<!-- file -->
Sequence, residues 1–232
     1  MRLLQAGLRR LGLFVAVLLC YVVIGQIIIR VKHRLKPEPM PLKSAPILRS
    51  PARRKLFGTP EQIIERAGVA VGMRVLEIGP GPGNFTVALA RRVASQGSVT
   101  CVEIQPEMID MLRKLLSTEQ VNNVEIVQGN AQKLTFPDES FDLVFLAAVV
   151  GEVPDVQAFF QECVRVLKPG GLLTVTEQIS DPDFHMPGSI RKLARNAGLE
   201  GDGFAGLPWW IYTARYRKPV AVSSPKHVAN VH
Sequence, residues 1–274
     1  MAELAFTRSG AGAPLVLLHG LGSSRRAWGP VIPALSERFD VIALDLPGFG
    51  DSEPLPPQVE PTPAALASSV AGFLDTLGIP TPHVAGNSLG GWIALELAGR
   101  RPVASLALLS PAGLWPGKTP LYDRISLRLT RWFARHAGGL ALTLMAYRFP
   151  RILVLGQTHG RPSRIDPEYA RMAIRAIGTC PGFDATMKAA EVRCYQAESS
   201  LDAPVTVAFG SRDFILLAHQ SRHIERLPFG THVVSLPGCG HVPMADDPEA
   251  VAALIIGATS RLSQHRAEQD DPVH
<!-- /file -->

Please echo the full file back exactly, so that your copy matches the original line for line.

Sequence, residues 1–232
     1  MRLLQAGLRR LGLFVAVLLC YVVIGQIIIR VKHRLKPEPM PLKSAPILRS
    51  PARRKLFGTP EQIIERAGVA VGMRVLEIGP GPGNFTVALA RRVASQGSVT
   101  CVEIQPEMID MLRKLLSTEQ VNNVEIVQGN AQKLTFPDES FDLVFLAAVV
   151  GEVPDVQAFF QECVRVLKPG GLLTVTEQIS DPDFHMPGSI RKLARNAGLE
   201  GDGFAGLPWW IYTARYRKPV AVSSPKHVAN VH
Sequence, residues 1–274
     1  MAELAFTRSG AGAPLVLLHG LGSSRRAWGP VIPALSERFD VIALDLPGFG
    51  DSEPLPPQVE PTPAALASSV AGFLDTLGIP TPHVAGNSLG GWIALELAGR
   101  RPVASLALLS PAGLWPGKTP LYDRISLRLT RWFARHAGGL ALTLMAYRFP
   151  RILVLGQTHG RPSRIDPEYA RMAIRAIGTC PGFDATMKAA EVRCYQAESS
   201  LDAPVTVAFG SRDFILLAHQ SRHIERLPFG THVVSLPGCG HVPMADDPEA
   251  VAALIIGATS RLSQHRAEQD DPVH